For example, we will be better able to accept VISTA's true complexity and shift strategies to something capable of dealing with something so vast and intricate.

Thursday, May 26, 2011

VISTA Planning & Management Part 1: Complexity

Complexity: Michelangelo's Sistine Chapel ceiling fresco.
When VISTA projects fail, it is almost always for one reason - a gross underestimation of the complexity involved. VISTA is one of humanity's most complex creations. It pushes far beyond our capacity to fully comprehend it, and therefore to successfully make plans about it as a whole.

VISTA projects that might succeed are easily distinguishable from those that will fail. Right at the beginning, during the initial planning is when most VISTA disasters are wound up like a clockwork mechanism, after which they run down to their inescapable conclusion regardless of the intelligence, experience, power, funding, or passion of the project's participants. Prudent and experienced VISTA strategists can look at the initial sketches and tell promising from doomed within minutes at a better than 90% rate of accuracy. This skill can be learned by those new to VISTA planning and management, if they can come to grips with VISTA's complexity.

Part of why it is so easy for us to distinguish them is that VISTA projects doomed to fail are rarely close; they rarely almost succeed, barely fail. They almost always fail spectacularly because the plans underestimate the project's complexity not by a little, not double, not ten times, but usually over a hundred times, and sometimes by a thousand times or more.

If you feel disbelief at this claim, we understand, but we are right about this. It is measurably true. Most of the known VISTA-project failures of the last fifteen years were off by two to three scales of magnitude in their estimation of the problems they planned to solve, and their eventual failures were usually predicted at the outset by experienced VISTA engineers. If you can accept the truth of this situation, you must be asking yourself the question all of us have asked - and to become a great VISTA planner and manager, you need to understand the answer - Why is VISTA so complex?

There are two answers.

First, for forty years the software industry has suffered from The Software Crisis. At the same time hardware has grown more powerful, faster, smaller, and less expensive, software has been growing slower, larger, and more expensive. The cause of this crisis is an inevitable paradox: with software, success leads to failure. The more programs you write for your system, the more you have to take into account to write the next program. The more you write, the harder it gets. In the world of software, that is the price of success. Given time, we can create systems so complex that we cannot manage them.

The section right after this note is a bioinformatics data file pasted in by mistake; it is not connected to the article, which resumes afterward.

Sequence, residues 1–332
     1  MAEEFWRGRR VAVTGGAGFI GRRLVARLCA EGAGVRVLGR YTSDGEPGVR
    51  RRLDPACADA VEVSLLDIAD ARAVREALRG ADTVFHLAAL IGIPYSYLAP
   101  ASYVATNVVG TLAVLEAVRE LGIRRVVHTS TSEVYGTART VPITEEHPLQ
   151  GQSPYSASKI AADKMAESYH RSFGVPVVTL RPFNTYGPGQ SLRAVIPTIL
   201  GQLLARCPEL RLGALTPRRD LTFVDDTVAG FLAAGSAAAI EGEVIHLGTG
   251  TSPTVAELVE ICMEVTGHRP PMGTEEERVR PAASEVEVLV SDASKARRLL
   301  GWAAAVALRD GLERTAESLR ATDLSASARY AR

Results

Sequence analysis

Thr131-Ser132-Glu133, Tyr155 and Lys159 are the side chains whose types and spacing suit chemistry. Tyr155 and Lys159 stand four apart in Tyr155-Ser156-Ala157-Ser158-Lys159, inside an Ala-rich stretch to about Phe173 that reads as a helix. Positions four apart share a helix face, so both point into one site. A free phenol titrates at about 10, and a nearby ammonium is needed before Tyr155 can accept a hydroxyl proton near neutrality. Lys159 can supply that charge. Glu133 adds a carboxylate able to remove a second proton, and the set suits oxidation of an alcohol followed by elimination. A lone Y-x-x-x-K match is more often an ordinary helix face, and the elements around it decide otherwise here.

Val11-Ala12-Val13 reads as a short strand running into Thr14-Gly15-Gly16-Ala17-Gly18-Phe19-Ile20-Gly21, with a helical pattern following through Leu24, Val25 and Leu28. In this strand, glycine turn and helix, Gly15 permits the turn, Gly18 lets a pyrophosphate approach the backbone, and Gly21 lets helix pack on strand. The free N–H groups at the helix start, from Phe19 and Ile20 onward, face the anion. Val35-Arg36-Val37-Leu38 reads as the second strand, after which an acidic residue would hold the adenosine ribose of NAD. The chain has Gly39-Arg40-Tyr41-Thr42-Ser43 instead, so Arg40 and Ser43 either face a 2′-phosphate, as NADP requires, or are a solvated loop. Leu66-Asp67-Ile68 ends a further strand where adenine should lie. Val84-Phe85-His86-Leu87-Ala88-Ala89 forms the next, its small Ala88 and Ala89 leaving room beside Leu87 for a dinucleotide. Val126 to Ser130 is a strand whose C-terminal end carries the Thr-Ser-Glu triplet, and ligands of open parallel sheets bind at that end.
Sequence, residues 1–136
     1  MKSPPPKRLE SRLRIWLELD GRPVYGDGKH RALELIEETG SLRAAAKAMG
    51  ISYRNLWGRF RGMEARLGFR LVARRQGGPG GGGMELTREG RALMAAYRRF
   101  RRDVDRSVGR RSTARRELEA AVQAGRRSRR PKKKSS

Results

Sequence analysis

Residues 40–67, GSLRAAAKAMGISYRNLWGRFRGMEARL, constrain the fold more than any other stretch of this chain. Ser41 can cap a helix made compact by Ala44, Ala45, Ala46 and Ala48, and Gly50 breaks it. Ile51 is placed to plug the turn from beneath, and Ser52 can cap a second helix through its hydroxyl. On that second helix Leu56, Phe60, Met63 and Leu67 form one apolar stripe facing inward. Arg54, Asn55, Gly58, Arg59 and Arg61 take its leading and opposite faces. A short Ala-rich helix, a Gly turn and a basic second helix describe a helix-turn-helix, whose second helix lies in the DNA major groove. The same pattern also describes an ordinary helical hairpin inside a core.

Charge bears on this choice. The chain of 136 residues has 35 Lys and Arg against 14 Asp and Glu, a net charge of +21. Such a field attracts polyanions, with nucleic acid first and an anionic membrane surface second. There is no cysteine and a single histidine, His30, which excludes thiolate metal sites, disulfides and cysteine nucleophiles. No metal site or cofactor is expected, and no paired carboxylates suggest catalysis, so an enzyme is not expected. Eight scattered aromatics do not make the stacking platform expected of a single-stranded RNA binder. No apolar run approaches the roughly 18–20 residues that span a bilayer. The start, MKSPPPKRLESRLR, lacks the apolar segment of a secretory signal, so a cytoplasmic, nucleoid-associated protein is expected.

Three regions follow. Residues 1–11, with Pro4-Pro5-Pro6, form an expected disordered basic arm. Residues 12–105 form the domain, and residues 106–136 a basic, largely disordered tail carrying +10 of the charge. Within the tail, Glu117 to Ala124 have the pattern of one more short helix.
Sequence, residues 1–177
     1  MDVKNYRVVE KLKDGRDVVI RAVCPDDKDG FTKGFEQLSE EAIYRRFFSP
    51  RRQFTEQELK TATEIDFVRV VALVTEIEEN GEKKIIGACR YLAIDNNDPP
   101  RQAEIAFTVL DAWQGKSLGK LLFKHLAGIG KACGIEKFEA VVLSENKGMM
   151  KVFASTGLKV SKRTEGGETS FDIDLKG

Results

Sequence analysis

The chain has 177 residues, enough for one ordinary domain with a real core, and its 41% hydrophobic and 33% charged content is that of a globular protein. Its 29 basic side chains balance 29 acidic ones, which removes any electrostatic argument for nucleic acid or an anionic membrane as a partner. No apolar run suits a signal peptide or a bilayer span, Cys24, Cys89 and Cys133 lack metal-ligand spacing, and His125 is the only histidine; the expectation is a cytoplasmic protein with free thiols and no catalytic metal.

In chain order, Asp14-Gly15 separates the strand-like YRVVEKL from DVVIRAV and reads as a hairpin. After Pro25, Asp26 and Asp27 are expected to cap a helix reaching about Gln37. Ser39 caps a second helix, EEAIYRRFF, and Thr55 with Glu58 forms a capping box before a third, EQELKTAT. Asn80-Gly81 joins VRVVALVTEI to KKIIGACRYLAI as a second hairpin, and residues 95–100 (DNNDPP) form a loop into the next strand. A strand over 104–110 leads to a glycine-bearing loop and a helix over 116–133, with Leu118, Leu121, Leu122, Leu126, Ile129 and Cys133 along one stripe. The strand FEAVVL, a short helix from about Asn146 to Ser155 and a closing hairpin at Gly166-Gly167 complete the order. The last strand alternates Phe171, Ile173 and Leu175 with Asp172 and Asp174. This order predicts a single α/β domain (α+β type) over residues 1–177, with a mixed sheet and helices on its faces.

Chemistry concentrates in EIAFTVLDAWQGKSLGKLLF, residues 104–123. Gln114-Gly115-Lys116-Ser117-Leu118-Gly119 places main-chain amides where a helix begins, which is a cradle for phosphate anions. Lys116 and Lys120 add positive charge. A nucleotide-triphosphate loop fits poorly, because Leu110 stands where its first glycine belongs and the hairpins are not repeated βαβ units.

Second, healthcare is staggeringly complex, and VISTA's purpose is to help support healthcare, so it too must be complex. There is no way around it. To make VISTA less complex, you must make it less useful, that is, you must sacrifice patient care or hospital-support services.

We refuse to do that, so we must accept and plan for VISTA's complexity. That means changing the planning and management strategies with which we succeeded in our careers until now. We must switch to less well-known strategies that can deal with VISTA's complexity successfully. If we do, our VISTA plans too must change so they can succeed.

Friday, January 21, 2011


Mumpster has consumed my VISTA-blogging energies lately, but I'll be returning over the next few weeks to discuss a long-overdue topic: reunification of the VISTA dialects. I understand the factors that have prevented it until now and I have solutions for all of them. I believe that by March 1st, we will have a commitment from most of the major VISTA adopters and developers to reunify around a shared, common code base and a common license.

Watch this space for regular updates on progress toward that goal.